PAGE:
It was the best of times, it was the worst of times. The queasy fear that began during the 2003-04 season and throughout the Stanley Cup finals turned into a reality on Feb. 16, 2004 when Gary Bettman announced the cancellation of the 2004-05 NHL season. But the disappointment for hockey fans was tempered at least in part by the knowledge that when hockey finally did return, two young stars would be the new face of the game.
Sidney Crosby and Alexander Ovechkin have been linked – whether they like it or not – since the start of their careers. It’s a bond that will likely last until they’re inducted into the Hall of Fame, maybe even during the same ceremony. In 2004 Ovechkin was drafted first overall by the hapless, bald eagle-logoed Washington Capitals and missed what would have been his first year in the league because of the lockout.
The baby-faced Crosby was drafted a year later and, as the last generation of stars returned to the ice a full year older, made his NHL debut on Oct. 5, 2005, the same night as Ovechkin.
Ovechkin’s fast, gritty style quickly made him the role model of pee-wees everywhere who flocked to sports stores for a new pair of bright skate laces. He would eventually beat out Crosby for the Calder Trophy after a season in which “Sid the Kid” would have his teeth knocked out by Darien Hatcher.
Jaded fans will remember that the most outspoken members of the NHLPA in 2005-05 were Chris Chelios, Mathieu Schneider and other established stars. In the 2011-12 fiasco Crosby stood firm, almost always visible behind Union boss Donald Fehr during the PA’s New York City press conferences. It might simply be because he’s more comfortable in his native country, but Ovechkin irked fans when he rode the first wave of players to sign in with the KHL.
It didn’t help that’d his play has tailed off after, as the Washington Times put it, “his four 50-plus-goal seasons should be the opening act on a Hall of Fame career.”
Players of all nationalities both stayed in North America and went overseas. Still, it’s hard not to look at Ovechkin’s eagerness to take up with his old mates on Dynamo Moscow so quickly as an indication that he might not be the same player who embarrassed the Phoenix Coyotes in 2006.
The past season and a half have included an at-times sloppy Capitals captain. Even disinterested. He lost the Vader-visored Russian antihero image when coaches figured out how to block his weapon of choice – a forehand shot from the high slot after barreling over the blue line. Not to mention the incessant questions about his leadership method, or lack thereof.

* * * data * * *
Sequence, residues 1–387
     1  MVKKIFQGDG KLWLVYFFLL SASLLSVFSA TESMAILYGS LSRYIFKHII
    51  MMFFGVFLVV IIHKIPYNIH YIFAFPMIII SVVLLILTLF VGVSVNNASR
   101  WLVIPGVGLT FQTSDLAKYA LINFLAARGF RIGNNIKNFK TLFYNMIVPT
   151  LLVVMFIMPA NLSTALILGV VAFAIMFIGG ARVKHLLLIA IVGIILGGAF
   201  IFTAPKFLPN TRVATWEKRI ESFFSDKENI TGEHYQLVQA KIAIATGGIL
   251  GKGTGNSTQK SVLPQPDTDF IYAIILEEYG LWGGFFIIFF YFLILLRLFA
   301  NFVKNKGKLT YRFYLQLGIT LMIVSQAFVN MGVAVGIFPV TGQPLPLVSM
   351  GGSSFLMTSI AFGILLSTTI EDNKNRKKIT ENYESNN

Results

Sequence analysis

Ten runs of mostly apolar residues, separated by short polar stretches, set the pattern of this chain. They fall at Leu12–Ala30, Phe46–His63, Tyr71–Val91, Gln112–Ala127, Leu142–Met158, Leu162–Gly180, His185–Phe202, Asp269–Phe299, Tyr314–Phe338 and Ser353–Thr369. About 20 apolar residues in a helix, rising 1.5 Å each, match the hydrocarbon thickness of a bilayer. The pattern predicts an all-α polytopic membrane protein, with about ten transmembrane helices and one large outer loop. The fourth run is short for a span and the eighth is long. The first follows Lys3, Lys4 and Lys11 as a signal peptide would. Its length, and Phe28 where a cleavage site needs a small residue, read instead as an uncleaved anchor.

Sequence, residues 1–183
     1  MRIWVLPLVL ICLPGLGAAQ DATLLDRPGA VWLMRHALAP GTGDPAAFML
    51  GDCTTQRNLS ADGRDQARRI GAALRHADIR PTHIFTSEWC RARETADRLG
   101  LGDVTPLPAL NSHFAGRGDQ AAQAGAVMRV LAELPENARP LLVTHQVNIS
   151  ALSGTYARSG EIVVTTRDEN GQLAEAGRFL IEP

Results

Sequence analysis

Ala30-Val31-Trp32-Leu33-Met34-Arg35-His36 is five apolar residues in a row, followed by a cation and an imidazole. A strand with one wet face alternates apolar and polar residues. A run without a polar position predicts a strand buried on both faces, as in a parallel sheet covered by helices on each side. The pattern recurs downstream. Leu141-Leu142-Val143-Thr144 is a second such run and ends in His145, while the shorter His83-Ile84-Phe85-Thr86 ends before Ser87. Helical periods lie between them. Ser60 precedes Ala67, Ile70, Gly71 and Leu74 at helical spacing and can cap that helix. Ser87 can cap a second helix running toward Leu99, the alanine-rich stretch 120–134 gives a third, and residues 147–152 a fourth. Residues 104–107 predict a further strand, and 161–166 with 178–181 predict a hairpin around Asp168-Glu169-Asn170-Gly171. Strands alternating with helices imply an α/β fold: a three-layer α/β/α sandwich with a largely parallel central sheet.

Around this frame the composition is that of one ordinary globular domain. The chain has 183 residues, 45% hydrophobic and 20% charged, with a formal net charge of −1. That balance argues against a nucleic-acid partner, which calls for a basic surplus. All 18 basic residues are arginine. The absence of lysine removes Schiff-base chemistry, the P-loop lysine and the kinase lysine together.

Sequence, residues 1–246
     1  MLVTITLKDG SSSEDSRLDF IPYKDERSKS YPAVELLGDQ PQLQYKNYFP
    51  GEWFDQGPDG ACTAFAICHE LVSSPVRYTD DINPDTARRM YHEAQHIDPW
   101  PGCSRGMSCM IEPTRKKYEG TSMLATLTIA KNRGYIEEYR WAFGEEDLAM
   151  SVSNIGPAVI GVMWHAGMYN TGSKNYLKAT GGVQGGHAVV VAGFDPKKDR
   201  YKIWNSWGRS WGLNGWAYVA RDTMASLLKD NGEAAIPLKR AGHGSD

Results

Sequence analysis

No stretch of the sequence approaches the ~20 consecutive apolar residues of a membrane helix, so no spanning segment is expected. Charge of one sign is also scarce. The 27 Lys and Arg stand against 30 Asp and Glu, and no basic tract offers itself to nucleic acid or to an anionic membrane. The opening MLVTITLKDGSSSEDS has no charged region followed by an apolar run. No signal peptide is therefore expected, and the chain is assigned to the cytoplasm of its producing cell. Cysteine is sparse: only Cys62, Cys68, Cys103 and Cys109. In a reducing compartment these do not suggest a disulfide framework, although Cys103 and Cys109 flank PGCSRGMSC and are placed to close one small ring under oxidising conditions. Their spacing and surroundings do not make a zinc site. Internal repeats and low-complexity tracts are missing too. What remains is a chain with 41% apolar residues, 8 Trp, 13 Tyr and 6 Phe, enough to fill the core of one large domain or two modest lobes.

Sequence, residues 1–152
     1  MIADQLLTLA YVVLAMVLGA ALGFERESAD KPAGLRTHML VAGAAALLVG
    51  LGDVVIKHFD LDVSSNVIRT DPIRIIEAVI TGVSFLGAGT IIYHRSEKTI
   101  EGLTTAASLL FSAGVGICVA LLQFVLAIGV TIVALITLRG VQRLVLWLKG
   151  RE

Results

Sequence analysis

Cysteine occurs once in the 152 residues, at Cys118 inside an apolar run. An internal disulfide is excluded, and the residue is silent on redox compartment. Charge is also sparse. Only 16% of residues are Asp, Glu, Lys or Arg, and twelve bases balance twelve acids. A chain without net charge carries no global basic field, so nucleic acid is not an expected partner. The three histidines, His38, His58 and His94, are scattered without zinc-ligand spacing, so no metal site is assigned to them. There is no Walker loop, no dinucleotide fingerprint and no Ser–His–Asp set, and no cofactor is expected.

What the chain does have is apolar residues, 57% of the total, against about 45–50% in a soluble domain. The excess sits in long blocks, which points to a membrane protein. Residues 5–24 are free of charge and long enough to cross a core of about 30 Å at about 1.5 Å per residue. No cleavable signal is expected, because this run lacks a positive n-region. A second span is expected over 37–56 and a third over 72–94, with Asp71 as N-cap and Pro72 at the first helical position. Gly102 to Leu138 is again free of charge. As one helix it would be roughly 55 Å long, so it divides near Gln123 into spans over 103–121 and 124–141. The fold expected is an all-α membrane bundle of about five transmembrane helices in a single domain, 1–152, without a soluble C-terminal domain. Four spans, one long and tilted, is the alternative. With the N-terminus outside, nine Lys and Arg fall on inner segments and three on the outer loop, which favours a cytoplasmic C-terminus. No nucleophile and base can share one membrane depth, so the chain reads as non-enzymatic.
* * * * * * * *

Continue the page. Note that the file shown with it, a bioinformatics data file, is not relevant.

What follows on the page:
Meanwhile, Crosby’s popularity numbers outside of Pittsburgh and Canada were on he upswing. The implicit immaturity barking slowed when Ovechkin’s personal rival Evgengi Malkin hit the steel town, more so when the Pens lost to Detroit in the Finals, then disappeared when the pencil thin mustache sat on a smile, owing its existence to a Stanley Cup championship.
Canadian sportswriters let out a simultaneous guffaw when they heard he had played in the playoffs on a broken foot. He even admitted that he spent too much time whining earlier in his career.
There exists a hard-to-find hidden video of Ovechkin watching the Penguins celebrating the series victory. He slunk into a CBC interview early and caught the tail end of a Pittsburgh Championship fan video. When prompted as to why he couldn’t look away, AO confessed he hadn’t yet watched the glory and champagne drinking.
But by the time Crosby scored the gold medal winner in the 2010 Olympics Canada’s 7-3 victory over Russia in the tournament quarterfinals was met with a “Who cares?” The fire in Ovechkin’s eyes when he saw that video had dissapated completely.
Both players continued their trends when the lockout came. Not long after Ovechkin started lighting up the KHL he said during an interview that he’d consider keeping it up.
“If our contracts get slashed, I will have to think whether to return there or not. I won’t rule out staying in the KHL, even past this season,” he told RIA Novosti, translated on Capitals Insider. Nor was he the portrait of unity when he doubled down on the threat.
“I said it before, before I sign contract, if the league decide to cut our salaries and cut our contracts for what they want, I don’t know how many guys will be coming back.”
The good news for both players – and fans – is that the rest of the story is far from written. Both players enter their second post-lockout season with decidedly less press attention. The shortened season provides a potential for excitement that wouldn’t have been present in a full 82-game campaign. Ovechkin will work to remind his teammates why he was named captain as Crosby attempts to avoid becoming the patron saint of concussed athletes.
By the time the current CBA expires the duo will be eight years older, Crosby 33 and Ovechkin 35. If they’re still playing (and they will), hopefully both them and their fans will have come full circle.